Maggie Nolan

The 2017-18 iteration of the Ivy League basketball season marks the second time that the league’s automatic bid to the NCAA tournament will be decided by a postseason tournament. While the league’s Twitter account has switched the official basketball hashtag from #PathToThePalestra to #RoadToIvyMadness, making #MathToThePalestra a less effective pun, math and analytics still offer a valuable framework from which to examine the Ancient Eight going forward. Using a model built for the Yale Undergraduate Sports Analytics Group, I’ve simulated the Ivy League men’s basketball season 10,000 times, and have computed playoff odds for each team.

Yale’s chances of finishing in the top four, and thus earning a trip to Ivy Madness in Philadelphia come March, currently sit at 53.8 percent. A close loss in Providence to an up-and-coming Brown team dropped the Bulldogs’ playoff odds by 16.1 percentage points, down from 69.4 percent a week ago. As a result of splitting the home and home series with Yale, the Bears’ chances of making the Ancient Eight Tournament increased by 10 percentage points, from 27 percent to 37 percent. That was the second largest increase enjoyed by an Ivy team so far this season, trailing only Columbia’s 14.1 percentage point increase following a win against its Empire State rival, Cornell.

Despite having the fourth-best odds to reach the Ivy League tournament, Yale still lags behind conference leaders Penn and Princeton. Both the Quakers and Tigers are near locks to reach the Palestra, with playoff odds at 97.9 and 98 percent, respectively. “The Ps” have a combined 85.2 percent chance of representing the Ancient Eight in March Madness, with Penn (48.1 percent) slight favorites over Princeton (37.1 percent) due to the advantage that comes with playing the Ivy League tournament on its home floor. Despite the fact that Penn has already scored a win over Princeton in conference play this season, my model reports that the Tigers are the better team, and would favor Princeton by roughly two points on a neutral court. Clearly, Penn and Princeton are in a class of their own, and represent the toughest road weekend Yale or any other Ivy team will face all season.

Archrival Harvard sits between the Elis and the duo atop the Ivy League. The Crimson currently possess the third best playoff odds, at 78.2 percent, making Friday night’s Yale-Harvard clash at John J. Lee Amphitheater extremely important. I’ve developed a metric called “Playoff Swing Factor,” or PSF, which measures the relative importance of each game. To calculate PSF, I simulate the remainder of the Ivy League season after fixing the outcome of a game in question, and add up the differences in playoff odds for all eight Ivy teams under the two possible outcomes for the game. This weekend’s rivalry game registers a PSF of 50.4, making it not only the most important conference game of the weekend, but also the most important Ivy League game played all season. Bulldog fans can take solace in the fact that my model, which has correctly predicted the winner for all ten Ancient Eight conference games played thus far, gives Yale a 60.3 percent chance to beat Harvard and 84.6 percent chance to beat Dartmouth this weekend.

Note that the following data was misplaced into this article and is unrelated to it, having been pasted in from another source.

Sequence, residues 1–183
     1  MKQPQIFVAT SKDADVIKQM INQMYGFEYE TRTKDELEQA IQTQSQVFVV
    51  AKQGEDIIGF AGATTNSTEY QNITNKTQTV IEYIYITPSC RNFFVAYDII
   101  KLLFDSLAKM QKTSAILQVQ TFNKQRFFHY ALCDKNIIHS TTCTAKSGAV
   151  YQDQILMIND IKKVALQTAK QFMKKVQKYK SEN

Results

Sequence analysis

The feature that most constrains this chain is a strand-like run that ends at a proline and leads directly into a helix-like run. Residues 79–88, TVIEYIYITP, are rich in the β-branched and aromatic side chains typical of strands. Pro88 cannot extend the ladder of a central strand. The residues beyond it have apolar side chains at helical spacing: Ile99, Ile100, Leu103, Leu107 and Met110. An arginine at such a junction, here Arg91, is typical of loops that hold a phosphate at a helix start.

The weekend marks a big test for the Bulldogs. Win against both Harvard and Dartmouth, and the Elis will vault into the conversation for the league’s top seed. Lose both games and Yale will face an uphill battle to even reach Ivy Madness. Earn a split and Yale’s postseason chances will remain around 50–50. Given that the average four-seed in my simulations earns on average 7.5 wins and Yale averages 7.2 wins, the Bulldogs will be in very good position if they can protect home court on Friday and Saturday. These are the kinds of games that may well define the season, so if you haven’t been paying attention yet, now’s a great time to start.

Luke Benz is the President of the Yale Undergraduate Sports Analytics Group. Contact Luke Benz at luke.benz@yale.edu .